The MDP Tanzania Team finished our first week here in Tabora town and the Mbola Millennium Village. We spent the last week with MVP staff members being introduced to teachers, farmers, nurses, committees, and business groups in the Mbola MVP cluster (made up of 15 different villages). We have only begun to scratch the surface of the health system, school meals, the water scarcity problems, the agriculture and tobacco industry, the Miombo woodlands, and just exactly how the project has changed the anatomy of the village. Beyond this, the question of how sustainable the MVP model is, has been on my mind while exploring all of these sectors.
Sustainable Financing in the Mbola MVP
After spending an orientation day with the Business Enterprise and Development Coordinator and learning about The Mbola Millennium Savings & Credit Cooperative Society (SACCOS) as well as the MVP input credit scheme I am left with both questions and perhaps some answers about the future financing prospects beyond MVP.
The Mbola Millennium Savings and Credit Cooperative Society (SACCOS) has been in operation for one year, has 312 members, about ~$2000 USD worth of capital, and collects a 2000Tsh (~$2 USD) membership fee for operating costs. The members are in charge of electing the board and committees and eventually will hire staff when their banking facility opens in the Ilolangulu Village this year. We spoke with the Chair of the Credit Committee and the Board Secretary, who told us of their plans for membership drives, opening branches across the villages, expectations that most loans will be for agricultural operations and of their goal to register 50 farmers from the MVP input credit scheme.
Perhaps the SACCOS is a more viable loan model for Mbola, as less than 1% of MVP input loan recipients paid back in the 2008/ 2009 season, which was the first season that farmers were expected to pay back in full, in cash. Inputs were free the first year and farmers paid produce back to the school meals program in the second. Two of the main reasons given for low repayment rates of were poor understanding of the loan and people just wanting/ expecting free inputs. For the 2009/ 2010 season only 101 farmers were given input, including the 53 who paid back in full and new applicants. The project staff is waiting to see if more farmers will pay back given low yields this season and now that they can see how the system works.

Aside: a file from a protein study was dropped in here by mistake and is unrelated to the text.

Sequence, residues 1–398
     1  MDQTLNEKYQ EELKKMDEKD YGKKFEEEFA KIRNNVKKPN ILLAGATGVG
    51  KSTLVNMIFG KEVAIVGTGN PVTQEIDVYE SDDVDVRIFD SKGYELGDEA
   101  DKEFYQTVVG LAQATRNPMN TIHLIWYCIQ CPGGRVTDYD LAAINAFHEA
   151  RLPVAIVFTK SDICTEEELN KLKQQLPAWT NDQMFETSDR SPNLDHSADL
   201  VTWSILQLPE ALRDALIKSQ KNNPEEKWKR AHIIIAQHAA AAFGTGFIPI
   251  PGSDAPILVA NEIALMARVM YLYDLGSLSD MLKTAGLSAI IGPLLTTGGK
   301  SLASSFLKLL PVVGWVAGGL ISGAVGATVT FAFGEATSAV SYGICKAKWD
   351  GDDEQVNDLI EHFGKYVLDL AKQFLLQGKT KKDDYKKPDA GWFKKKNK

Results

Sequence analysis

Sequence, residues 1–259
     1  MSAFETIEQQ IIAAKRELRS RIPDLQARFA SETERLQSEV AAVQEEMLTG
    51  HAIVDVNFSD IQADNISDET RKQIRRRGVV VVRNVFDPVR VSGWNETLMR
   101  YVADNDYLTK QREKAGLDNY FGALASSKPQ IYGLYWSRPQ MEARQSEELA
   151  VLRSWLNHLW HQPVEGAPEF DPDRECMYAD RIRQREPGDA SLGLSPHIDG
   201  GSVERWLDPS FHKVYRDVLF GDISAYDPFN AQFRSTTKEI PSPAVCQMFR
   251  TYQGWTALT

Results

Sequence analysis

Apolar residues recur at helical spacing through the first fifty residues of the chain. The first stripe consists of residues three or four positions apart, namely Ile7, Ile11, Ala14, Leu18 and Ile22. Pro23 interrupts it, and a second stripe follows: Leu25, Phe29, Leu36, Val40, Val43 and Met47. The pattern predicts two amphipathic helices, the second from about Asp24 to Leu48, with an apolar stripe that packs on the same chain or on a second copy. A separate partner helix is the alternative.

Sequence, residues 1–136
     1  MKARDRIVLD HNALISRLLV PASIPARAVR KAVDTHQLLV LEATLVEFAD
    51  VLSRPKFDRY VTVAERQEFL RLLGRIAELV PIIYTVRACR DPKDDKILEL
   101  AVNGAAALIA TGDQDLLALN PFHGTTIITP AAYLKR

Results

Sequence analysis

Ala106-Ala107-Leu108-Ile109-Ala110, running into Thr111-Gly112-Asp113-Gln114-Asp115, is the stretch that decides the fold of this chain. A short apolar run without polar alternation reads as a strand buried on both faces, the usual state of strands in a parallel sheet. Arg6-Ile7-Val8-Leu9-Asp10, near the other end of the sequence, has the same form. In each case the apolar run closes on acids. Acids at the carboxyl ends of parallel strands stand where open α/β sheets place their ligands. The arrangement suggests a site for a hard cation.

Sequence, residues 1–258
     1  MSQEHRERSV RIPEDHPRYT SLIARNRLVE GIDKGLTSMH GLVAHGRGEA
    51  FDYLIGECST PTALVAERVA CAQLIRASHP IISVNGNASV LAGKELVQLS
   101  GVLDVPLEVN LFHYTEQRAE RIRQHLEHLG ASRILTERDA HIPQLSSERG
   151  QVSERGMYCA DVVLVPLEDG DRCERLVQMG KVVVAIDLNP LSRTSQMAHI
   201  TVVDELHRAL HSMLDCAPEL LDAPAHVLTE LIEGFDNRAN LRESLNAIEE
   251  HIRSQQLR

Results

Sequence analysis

The challenges of getting farmers to payback a loan in cash are big and trying to understand their decisions will be one of our greatest challenges this summer. It will be interesting to explore how the tobacco industry interacts with food security as 70% of farms grow tobacco and they earn the most money from tobacco production. A model like the SACCOS, in a place where it seems tobacco income is being generated, might be the most appropriate and sustainable as farmers and community members have to buy into it and there is oversight from community members for loan recipients. I suppose two of the questions there is do farmers have the 2000Tsh to become members and will they invest their money in farm improvements?
In the meantime, some head teachers are worried that low yields this season will affect the school meals program and perhaps the overall food security of the community. The SACCOS is still a few months away from being fully operational in terms of loans and it will be interesting to see if any of the wealth generated by initial input subsidies and other project initiatives will be used to help farmers get through this summer, which is the dry season here.